One key thing that all of these creations could lack is true physicality, but as a recent Guardian report about live music indicates, when music fans meet online they usually seem to want to meet in person, and that's one of the reasons for the bouyant live music scene at present. I suspect that such behaviours will increasingly be transportable to other areas of life.

There can also be a danger of producing communities that are still more self-selecting and insular than those we currently build for ourselves, but I've been surprised by the variety of people I've seen connected by eg. their love of a single band.

What is needed from the writers of these sorts of reports is not a "woe is me, the old ways are passing away" attitude, but a more constructive engagement with new forms of community and new technologies. We technologists do need more input and more engagement in order to really tailor our strategies to support and enhance community but ill-informed "it's all about individualism" diatribes aren't too helpful.

2:16 PM  
Blogger postliberal said...

Actually, selectivity aside, he does seem to be trying to counter some of the rather worrisom reactions of people like me. For example:

If you are of a certain age and inclined to curmudgeonly carping, you might construe all this as anti-social because you are biased toward what brash techies call the 'meat world'. As in flesh and blood. But that blanket judgment smothers the distinction that matters and overlooks a new form of sociality and the manifold ways it confers centrality on everyone involved. It's that centrality - as intense, in its own way, as monarchs once enjoyed - that we should be thinking about, not the myth of isolation.

Perhaps I just need to be persuaded to see how technology might be turned to posative and consstructive ends - with enough imagination and awaremess. But at the same time I need to be taught how to actually use so much of the availible technology, and see it's potential! ;)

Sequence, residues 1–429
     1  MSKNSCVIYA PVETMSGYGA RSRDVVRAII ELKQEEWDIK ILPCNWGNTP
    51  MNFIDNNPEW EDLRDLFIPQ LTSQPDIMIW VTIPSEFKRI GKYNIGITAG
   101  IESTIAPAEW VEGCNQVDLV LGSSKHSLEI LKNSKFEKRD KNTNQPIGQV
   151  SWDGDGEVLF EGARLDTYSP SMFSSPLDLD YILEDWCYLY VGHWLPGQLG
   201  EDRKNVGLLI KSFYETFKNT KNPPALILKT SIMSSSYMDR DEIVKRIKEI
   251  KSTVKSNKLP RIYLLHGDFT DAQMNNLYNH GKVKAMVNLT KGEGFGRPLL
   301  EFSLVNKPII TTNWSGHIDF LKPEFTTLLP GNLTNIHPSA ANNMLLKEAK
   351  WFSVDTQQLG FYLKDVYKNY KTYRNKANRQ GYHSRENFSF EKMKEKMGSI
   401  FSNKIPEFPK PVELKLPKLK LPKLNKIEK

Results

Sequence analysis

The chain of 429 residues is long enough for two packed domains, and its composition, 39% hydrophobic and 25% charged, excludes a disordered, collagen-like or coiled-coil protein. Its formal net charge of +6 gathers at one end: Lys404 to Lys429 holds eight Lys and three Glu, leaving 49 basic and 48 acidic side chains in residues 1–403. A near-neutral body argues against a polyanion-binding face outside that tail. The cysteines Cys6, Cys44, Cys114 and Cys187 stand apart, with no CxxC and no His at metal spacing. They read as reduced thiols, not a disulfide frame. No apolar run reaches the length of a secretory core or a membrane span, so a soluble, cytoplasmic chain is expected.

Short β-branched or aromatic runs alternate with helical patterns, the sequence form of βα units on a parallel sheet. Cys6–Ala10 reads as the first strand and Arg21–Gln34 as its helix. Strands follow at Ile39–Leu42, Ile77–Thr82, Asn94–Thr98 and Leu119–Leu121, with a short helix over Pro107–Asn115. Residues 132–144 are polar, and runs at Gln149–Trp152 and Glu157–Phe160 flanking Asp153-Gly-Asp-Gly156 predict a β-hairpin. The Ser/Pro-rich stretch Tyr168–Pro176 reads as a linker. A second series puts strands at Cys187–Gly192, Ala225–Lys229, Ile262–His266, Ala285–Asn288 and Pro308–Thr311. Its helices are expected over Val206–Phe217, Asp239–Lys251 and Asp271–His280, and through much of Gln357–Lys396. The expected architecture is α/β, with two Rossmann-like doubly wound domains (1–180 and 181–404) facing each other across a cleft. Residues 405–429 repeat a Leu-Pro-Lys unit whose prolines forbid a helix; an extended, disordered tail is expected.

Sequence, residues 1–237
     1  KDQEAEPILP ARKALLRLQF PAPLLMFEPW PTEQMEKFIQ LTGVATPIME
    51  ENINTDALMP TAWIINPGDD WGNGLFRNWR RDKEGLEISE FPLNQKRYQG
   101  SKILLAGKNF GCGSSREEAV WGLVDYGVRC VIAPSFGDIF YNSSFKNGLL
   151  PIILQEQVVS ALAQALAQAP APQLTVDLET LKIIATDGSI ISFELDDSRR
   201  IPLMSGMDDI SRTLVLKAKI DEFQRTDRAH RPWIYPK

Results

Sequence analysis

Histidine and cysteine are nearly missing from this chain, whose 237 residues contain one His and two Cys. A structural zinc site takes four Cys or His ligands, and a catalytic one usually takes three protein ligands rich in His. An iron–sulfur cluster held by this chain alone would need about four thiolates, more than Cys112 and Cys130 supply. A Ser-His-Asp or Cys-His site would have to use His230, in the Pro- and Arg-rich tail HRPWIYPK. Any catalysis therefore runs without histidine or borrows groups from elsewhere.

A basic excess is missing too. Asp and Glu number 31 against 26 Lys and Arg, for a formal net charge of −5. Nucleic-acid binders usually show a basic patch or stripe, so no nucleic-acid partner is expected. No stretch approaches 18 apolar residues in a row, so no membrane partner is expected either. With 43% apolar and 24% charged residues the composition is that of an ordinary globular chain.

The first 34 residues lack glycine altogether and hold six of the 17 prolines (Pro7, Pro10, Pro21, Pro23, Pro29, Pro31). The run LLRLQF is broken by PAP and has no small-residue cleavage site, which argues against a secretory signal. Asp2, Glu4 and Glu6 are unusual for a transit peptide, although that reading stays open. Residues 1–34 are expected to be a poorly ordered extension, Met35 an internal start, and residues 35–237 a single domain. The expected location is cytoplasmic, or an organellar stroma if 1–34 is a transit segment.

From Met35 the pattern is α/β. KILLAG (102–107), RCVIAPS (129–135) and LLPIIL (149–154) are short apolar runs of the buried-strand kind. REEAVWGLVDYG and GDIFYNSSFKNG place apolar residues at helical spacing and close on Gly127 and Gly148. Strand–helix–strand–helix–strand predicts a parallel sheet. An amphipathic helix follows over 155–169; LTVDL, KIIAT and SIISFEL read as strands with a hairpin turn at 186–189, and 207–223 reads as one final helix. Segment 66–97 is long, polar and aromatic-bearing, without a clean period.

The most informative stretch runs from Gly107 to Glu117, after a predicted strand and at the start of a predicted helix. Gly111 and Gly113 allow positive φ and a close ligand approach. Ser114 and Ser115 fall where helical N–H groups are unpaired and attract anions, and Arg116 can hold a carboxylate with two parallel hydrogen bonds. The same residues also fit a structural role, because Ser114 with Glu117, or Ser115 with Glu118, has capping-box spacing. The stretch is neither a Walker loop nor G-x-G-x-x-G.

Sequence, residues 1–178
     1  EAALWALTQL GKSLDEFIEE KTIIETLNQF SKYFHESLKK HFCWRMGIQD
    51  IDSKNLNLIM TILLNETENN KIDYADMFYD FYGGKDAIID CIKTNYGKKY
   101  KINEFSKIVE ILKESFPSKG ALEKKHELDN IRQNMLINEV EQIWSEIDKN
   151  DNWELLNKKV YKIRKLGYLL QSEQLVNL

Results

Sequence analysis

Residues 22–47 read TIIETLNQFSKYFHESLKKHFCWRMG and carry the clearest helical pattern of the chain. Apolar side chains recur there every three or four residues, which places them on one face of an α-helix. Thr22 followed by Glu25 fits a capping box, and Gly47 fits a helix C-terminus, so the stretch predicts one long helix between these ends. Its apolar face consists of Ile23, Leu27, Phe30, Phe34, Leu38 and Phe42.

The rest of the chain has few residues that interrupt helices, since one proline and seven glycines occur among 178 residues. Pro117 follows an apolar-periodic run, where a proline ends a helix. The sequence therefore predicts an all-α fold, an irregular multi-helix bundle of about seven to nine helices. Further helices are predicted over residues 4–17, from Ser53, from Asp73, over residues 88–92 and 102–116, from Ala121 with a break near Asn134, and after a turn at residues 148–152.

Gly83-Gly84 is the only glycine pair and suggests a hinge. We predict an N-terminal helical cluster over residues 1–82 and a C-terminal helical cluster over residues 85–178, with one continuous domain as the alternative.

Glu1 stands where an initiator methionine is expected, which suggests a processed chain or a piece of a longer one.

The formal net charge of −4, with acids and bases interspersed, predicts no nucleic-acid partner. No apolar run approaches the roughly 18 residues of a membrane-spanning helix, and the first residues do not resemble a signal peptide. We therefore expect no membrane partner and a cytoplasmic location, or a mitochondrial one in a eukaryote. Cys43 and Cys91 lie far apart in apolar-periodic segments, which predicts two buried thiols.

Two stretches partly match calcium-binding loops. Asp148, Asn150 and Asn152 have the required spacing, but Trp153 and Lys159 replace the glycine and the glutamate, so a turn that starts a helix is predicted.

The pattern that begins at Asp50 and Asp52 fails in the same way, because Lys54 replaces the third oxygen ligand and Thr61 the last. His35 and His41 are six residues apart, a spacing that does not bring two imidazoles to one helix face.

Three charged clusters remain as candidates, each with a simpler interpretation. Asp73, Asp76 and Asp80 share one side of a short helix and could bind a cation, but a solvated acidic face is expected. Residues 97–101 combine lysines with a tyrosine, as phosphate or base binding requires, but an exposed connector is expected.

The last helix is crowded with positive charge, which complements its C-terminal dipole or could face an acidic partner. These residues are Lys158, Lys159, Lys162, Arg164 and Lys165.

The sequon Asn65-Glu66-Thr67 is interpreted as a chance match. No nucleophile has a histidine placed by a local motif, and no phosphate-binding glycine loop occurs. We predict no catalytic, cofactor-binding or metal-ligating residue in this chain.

3:47 PM  
Anonymous James Stewart said...

You'll be wanting to come to my workshop at Greenbelt then ;) (it's on ways to use technology to increase participation in governmental deliberations). I believe it will be Monday afternoon in Tank, though have yet to have all the details finalised.

4:08 PM  
Blogger postliberal said...

Well plugged there James - you're a scrupulous example to us all! :P

I may well pop along to your thing, so long as you don't clash with the great Karen Armstrong...

4:56 PM  
Blogger Barnabas said...

Gardening!!! Well I guess it gets you out of the house.

7:00 PM  
Blogger postliberal said...

Yes! I may keep it well hidden most days, but plants are my vocation (or whatever it is they call it when you become interested in something when 12/13 and go through to study it at university - geekdom perhaps?)

12:45 AM  
Blogger Barnabas said...

Great picture.

6:26 PM  
Blogger Martin said...

Today’s lesson? You guessed it - get out more! Luckily I’ll be gardening for much of the week...

I'm not, and if you were doing a Masters you wouldn't be either...

Just a thought, I believe you have permitted my whingeing on this occasion!

9:44 PM  
Blogger postliberal said...

Whilst my chances of doing so this year, after a year's delay already, hang in the balance I will not permit ANY winging from those who're doing one right now!

11:06 PM  
Blogger Martin said...

I'll write down our agreement from yesterday - I won't whinge about my course if you don't write 'La la la la I get to play out in the garden' posts...

12:31 PM  
Blogger postliberal said...

What? Now hang on there - I may agree not to mention my plantyness for a while, but there's no need to cast me as either smug or hippyfied. I do that enough as it is :P

It's not just play, anyway, I do it for a reason too...here endeth todays selfrightous justification...

12:33 AM  
Blogger Martin said...

I'm not casting you as anything, I'm just saying don't teach me the 'lesson' of getting out more when I'm constrained by the need to work... :-p

12:51 AM  
Blogger postliberal said...

If I don't, you might forget the delights of frolicking in the meadows, and soforth ;)

1:18 AM